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The King’s forty pistoles come to an end, and Athos supports everyone for a while. Then Porthos supports the four friends, then Aramis.
Then Porthos, Aramis, and Athos hit up Tréville for some advances on their pay. D’Artagnan, being a lowly Guard, doesn’t get paid at all.
When they start starving, they scrape together some money that they give to Porthos to gamble with. He loses the money.
Finally, they start hitting up all their friends. Porthos, Aramis, Athos, and D’Artagnan—along with their servants—visit various friends for dinner.
This mooching method can only last for so long, however. D’Artagnan is convinced that four "young, brave, enterprising, and active men" should be able to do better than this.
D’Artagnan is concocting plans for the four of them when someone knocks at the door. D’Artagnan wakes Planchet up and tells him to answer it. The narrator tells us that it’s long past morning. Planchet was sleeping because there was no food to eat.
A man with the "appearance of a tradesman" walks in and requests a private conversation with D’Artagnan.
They stare awkwardly at each other before the man asks if he can share a secret.
D’Artagnan crosses his heart, hopes to die before repeating the secret.
Turns out the man’s wife works as the Queen’s seamstress. The Queen’s cloak bearer happens to be the man’s wife’s godfather.
It’s okay to be confused at this point. The main thing to get out of the conversation is that the man’s wife has been kidnapped—and he has a suspect.
The man is moreover convinced that the issue is politics, not sex.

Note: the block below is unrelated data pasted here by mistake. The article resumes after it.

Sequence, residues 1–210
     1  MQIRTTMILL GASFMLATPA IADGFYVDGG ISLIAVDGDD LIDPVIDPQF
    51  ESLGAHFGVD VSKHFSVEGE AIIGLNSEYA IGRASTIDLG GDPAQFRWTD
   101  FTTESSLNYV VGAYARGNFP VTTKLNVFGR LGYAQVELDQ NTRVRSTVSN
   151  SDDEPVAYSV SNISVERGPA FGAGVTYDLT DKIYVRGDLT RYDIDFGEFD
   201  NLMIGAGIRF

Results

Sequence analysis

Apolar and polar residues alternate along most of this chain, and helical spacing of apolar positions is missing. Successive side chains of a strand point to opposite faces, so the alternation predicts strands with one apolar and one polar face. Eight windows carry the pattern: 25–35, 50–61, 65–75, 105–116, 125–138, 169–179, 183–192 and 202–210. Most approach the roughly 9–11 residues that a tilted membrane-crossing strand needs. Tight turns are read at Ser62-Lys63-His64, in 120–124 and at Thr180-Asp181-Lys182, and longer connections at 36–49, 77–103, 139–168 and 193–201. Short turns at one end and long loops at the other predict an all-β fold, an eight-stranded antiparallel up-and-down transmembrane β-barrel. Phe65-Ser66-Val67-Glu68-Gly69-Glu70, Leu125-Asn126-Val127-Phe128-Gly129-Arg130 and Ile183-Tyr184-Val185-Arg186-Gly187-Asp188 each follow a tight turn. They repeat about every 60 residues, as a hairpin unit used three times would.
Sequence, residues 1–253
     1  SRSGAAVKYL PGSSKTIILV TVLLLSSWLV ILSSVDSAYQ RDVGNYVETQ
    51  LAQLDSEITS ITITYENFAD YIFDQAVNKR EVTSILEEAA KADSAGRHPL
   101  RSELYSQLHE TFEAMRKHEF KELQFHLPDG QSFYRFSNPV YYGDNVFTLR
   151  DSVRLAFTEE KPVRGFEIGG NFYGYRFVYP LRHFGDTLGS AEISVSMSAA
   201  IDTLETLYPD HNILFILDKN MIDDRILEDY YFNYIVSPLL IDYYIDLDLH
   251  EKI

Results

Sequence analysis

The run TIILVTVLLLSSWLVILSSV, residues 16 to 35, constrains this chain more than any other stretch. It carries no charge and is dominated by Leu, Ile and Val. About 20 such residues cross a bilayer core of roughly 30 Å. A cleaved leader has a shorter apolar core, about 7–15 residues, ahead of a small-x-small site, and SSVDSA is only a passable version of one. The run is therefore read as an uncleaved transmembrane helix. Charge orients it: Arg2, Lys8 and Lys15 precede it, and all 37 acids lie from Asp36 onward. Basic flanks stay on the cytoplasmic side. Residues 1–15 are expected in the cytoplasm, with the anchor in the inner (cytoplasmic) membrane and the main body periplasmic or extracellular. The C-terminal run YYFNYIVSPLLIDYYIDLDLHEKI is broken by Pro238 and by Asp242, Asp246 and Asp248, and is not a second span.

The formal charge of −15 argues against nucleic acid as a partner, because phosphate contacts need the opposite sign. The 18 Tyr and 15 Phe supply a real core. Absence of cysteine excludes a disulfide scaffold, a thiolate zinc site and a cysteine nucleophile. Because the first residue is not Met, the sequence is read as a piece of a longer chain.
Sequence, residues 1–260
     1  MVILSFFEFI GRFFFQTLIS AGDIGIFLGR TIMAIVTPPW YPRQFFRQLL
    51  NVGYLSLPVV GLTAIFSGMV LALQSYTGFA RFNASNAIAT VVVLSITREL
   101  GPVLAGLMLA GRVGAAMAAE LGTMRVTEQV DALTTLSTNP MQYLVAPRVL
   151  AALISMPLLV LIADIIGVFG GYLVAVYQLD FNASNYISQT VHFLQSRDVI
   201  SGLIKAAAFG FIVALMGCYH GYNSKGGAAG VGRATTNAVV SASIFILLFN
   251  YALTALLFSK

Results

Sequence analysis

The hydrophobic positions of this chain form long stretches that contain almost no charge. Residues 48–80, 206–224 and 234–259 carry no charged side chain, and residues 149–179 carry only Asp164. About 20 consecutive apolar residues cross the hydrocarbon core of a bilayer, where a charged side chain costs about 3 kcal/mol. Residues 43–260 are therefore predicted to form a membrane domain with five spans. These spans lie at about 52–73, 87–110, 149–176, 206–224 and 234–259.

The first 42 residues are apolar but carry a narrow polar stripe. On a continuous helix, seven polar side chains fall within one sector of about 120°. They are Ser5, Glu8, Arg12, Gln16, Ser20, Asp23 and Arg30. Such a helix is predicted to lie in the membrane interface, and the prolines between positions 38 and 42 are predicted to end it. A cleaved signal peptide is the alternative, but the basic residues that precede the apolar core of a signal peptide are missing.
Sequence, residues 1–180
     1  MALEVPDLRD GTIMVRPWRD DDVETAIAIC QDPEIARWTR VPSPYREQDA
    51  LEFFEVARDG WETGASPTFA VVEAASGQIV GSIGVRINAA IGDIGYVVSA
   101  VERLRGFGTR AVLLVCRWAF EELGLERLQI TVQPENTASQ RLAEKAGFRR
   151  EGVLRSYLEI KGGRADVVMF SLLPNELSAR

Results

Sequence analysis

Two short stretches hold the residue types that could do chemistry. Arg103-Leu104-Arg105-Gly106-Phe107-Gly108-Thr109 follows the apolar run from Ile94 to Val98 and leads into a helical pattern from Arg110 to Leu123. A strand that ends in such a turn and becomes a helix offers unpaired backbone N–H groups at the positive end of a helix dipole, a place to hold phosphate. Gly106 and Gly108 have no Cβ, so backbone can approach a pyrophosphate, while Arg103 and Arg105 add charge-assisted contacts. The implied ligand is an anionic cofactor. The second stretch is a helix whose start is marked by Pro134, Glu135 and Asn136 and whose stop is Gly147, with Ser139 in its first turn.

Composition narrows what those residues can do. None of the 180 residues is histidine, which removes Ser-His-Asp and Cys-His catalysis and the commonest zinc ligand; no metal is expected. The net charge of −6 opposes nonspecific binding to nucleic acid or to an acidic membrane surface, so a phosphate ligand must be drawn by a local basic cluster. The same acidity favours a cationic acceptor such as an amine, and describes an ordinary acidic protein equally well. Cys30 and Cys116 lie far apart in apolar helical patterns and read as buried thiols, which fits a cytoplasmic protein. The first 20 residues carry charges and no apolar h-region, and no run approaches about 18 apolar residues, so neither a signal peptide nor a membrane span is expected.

We learn that the delicate issue at hand is the Queen’s illicit relationship with the Duke of Buckingham.
The Cardinal is angry about this, not because of any real moral reasons that you might attribute to a churchman, but because he’s been hot for the Queen himself. He was so hot for her, in fact, that he once dressed up as a clown and danced the saraband for her. (We looked up "saraband", and thanks to dictionary.com, and found this: 1.) A fast, erotic dance of the 16th century of Mexico and Spain. 2.) A stately court dance of the 17th and 18th centuries, in slow triple time. 3.) The music for either of these dances.)
The book doesn’t tell us which kind of saraband the Cardinal used to woo the Queen, but we’re guessing neither was very effective.
Although we give the Cardinal props for trying, the truth remains that he is out for some revenge.
The Queen is convinced that someone has written to the Duke of Buckingham using her name.
The bad guys have kidnapped the man’s wife in order to use the woman against the Queen.
Although the man knows who abducted his wife, he doesn’t know the abductor’s name. All he knows is that the man is an agent of the Cardinal.
After getting a description of the abductor, D’Artagnan identifies the abductor as the Man from Meung.
Finally we learn the visitor’s name—Monsieur Bonacieux. (The visitor also happens to be D’Artagnan’s landlord, and politely reminds the young Gascon that he’s three months behind on rent!)
But Monsieur Bonacieux strikes a deal with D’Artagnan—if D’Artagnan agrees to save Madame Bonacieux, he gets fifty pistoles and never has to pay rent again.
Their conversation is cut short when they both spot the Man from Meung standing across the street.
D’Artagnan immediately draws his sword and runs outside, on the way bumping into Athos and Porthos, (who want to live up to that Inseparables title).
They stay out of D’Artagnan’s way and go into his apartment to wait for his return.